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Document and Benefit Fraud

French couple charged in ICE probe of Internet scam that promised victims "green cards" and jobs

LOS ANGELES - A French woman living in the San Fernando Valley was arrested this morning after she and her husband were charged yesterday with defrauding French residents out of thousands of dollars with false promises of work and United States "green cards."

Deborah Sion, 25, of Van Nuys, was arrested without incident by special agents with U.S. Immigration and Customs Enforcement (ICE). She is expected to make her initial court appearance this afternoon in United States District Court in Los Angeles.

Also charged in the case is Sion's Husband, Isaac Peres, 27, who is currently in custody in France, where he is facing charges in an unrelated fraud scheme.

The charges are the result of an investigation by ICE with extensive assistance from French law enforcement.

Sion allegedly used a series of aliases, including "Celine Fabre," "Rachel Brand," "Lynn Skeirik," "Elodie Duprey," "Corrine Maillard," "Sophie Marshal," and "Sophie Nerriere." Sion and Peres allegedly posted advertisements on the Internet that offered immigrants jobs in the United States, along with lawful permanent resident status. Peres also used aliases, including "Ari Boukobza" and "Laurent Febert."

A criminal complaint filed in federal court yesterday afternoon charges the couple with transfer of false identification documents, mail fraud, wire fraud, and aggravated identity theft, charges that could bring a prison sentence of up to 57 years for each defendant.

According to the affidavit in support of the criminal complaint, Sion and Peres posted ads on Internet billboard sites such as craigslist.com and franceservice.com. The ads offered positions for French employees at restaurants in the Los Angeles area and casinos in the Las Vegas area, and further stated that successful applicants could receive assistance in getting legal immigration status in the United States.

Once victims responded to the ads, Sion would reply via e-mail, claiming that the victim had qualified for the employment, according to the affidavit. Sion told victims that a "lawyer friend" - usually her aliases "Rachel Brand" or "Lynn Skeirik" - could assist the victims in obtaining lawful permanent resident status through the Diversity Lottery Program, in which green cards are distributed to citizens of qualified nations through a lottery system.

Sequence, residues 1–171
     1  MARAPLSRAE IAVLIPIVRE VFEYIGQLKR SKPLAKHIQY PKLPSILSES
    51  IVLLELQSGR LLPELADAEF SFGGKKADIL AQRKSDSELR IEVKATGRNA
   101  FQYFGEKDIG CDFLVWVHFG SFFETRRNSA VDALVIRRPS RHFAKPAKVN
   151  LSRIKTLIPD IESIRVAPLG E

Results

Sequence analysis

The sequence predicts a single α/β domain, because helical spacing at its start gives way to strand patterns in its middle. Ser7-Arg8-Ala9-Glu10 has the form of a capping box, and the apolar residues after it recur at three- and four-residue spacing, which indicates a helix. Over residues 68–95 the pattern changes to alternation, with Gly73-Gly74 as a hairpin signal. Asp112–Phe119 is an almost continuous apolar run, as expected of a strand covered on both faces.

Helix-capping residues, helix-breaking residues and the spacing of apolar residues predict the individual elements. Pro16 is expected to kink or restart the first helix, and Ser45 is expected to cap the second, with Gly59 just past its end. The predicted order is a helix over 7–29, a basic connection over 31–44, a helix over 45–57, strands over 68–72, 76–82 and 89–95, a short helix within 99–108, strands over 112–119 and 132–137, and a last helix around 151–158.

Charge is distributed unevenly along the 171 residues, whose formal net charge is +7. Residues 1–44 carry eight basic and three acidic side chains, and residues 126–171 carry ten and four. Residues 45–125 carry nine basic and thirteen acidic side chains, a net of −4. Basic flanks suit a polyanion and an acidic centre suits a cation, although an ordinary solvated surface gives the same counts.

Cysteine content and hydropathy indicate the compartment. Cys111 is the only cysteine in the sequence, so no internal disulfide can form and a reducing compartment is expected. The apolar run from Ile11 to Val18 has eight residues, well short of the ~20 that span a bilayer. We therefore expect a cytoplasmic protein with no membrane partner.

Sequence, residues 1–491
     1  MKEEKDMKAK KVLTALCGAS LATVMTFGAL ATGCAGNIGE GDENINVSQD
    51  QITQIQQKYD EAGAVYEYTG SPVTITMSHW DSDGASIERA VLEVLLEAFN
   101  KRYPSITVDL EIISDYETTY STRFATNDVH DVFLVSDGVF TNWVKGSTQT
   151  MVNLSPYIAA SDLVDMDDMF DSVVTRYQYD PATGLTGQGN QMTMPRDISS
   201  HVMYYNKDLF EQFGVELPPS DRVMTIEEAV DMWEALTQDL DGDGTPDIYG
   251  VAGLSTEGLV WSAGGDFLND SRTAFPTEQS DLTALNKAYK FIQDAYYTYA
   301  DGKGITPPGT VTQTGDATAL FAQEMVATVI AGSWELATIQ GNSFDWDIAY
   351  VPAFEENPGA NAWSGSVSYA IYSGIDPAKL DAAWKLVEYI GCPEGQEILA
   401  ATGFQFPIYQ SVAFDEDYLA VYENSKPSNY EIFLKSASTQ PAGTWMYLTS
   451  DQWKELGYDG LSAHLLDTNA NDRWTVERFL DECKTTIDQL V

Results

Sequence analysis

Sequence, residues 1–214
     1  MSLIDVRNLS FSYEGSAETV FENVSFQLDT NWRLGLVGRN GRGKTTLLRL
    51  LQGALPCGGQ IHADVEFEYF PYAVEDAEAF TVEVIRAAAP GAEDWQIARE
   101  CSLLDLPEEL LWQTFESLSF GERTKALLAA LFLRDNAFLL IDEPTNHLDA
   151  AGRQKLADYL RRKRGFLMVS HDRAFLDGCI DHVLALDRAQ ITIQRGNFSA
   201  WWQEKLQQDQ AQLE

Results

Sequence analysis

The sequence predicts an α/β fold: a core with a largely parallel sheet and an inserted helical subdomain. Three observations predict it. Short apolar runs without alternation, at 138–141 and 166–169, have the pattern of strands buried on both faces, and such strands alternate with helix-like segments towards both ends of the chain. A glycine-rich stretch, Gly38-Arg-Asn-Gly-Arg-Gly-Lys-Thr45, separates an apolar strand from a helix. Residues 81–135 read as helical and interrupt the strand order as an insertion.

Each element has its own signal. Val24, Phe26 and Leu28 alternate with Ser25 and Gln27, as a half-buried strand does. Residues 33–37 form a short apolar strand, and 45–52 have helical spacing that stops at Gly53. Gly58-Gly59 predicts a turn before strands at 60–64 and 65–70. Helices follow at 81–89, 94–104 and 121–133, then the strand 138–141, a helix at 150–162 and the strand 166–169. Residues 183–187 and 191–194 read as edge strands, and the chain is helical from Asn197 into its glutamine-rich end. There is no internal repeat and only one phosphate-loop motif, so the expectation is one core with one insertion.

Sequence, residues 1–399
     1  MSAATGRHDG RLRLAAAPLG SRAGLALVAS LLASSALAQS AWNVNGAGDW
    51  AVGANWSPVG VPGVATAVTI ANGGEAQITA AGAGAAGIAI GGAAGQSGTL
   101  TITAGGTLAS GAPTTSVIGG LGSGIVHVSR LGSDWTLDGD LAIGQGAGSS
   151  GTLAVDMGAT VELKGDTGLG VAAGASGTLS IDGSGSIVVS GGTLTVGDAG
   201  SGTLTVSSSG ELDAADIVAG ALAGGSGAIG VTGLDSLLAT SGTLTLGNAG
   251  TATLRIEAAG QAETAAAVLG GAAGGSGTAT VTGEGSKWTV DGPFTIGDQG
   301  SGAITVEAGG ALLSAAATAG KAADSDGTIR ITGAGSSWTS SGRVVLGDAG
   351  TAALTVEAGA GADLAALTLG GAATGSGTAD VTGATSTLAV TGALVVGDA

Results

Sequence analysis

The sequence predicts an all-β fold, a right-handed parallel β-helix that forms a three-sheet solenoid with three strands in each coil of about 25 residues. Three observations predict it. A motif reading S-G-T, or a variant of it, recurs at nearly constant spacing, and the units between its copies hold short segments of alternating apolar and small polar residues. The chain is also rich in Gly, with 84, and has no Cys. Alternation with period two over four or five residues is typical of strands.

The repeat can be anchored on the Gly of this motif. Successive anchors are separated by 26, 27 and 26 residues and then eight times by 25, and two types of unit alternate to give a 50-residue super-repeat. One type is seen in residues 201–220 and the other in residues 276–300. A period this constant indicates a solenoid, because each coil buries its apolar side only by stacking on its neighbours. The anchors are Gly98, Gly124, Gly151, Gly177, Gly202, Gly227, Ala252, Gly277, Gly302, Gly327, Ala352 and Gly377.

Sion allegedly told victims that the fee for the Diversity Lottery Program was somewhere between 1500 and 2700 Euros, depending on what bogus services, such as travel or housing assistance, Sion could sell the victim in addition to the "green card." (U.S. Citizenship and Immigration Services does not charge aliens a fee to apply to the Diversity Lottery Program.)

Sion and Peres sent victims documents related to applications made to immigration authorities. Once the victims returned the paperwork, which included fingerprint cards, Peres or Sion obtained counterfeit "green cards," and sometime Social Security cards, for victims by providing the victims' photographs and fingerprints to a counterfeit document vendor. Several victims discovered the documents they received from Sion and Peres were bogus when they went to the American consulate in Paris and were told that the "green cards" were fake. Others victims attempted to enter the United States and were prevented from entering the country when immigration authorities determined the documents were not legitimate, according to the complaint. The affidavit in the case also alleges that Sion sent threatening e-mails to victims who complained about the bogus documents.

"The defendants in this case preyed upon people seeking the American Dream," said Thomas P. O'Brien, the United States Attorney in Los Angeles. "This case is all the more egregious because their victims were primarily fellow French citizens."

Robert Schoch, special agent in charge for the ICE Office of Investigations in Los Angeles, commented: "Sadly, the people who fell victim to this scheme genuinely believed the defendants had ties to the United States government and were selling legitimate 'green cards.' Once again the lesson is 'buyer beware.' If you see advertisements on the Internet promising visas or green cards, don't be fooled. Our nation's immigration benefits are not for sale."

Philippe Larrieu, the French Consul General in Los Angeles, stated: "We would like to express our gratitude to ICE for its outstanding work on this case. The remarkable cooperation between U.S. and French law enforcement led to the successful arrest of the French couple who stole from over 100 victims, most of them French citizens, but also nationals from other European countries and Canada. These victims not only lost around $4,000 each, some of them were also arrested for attempting to enter United States with false immigration documents."

The Consul General is asking any other victims who have not come forward to identify themselves by e-mailing to: francais@consulfrance-losangeles.org.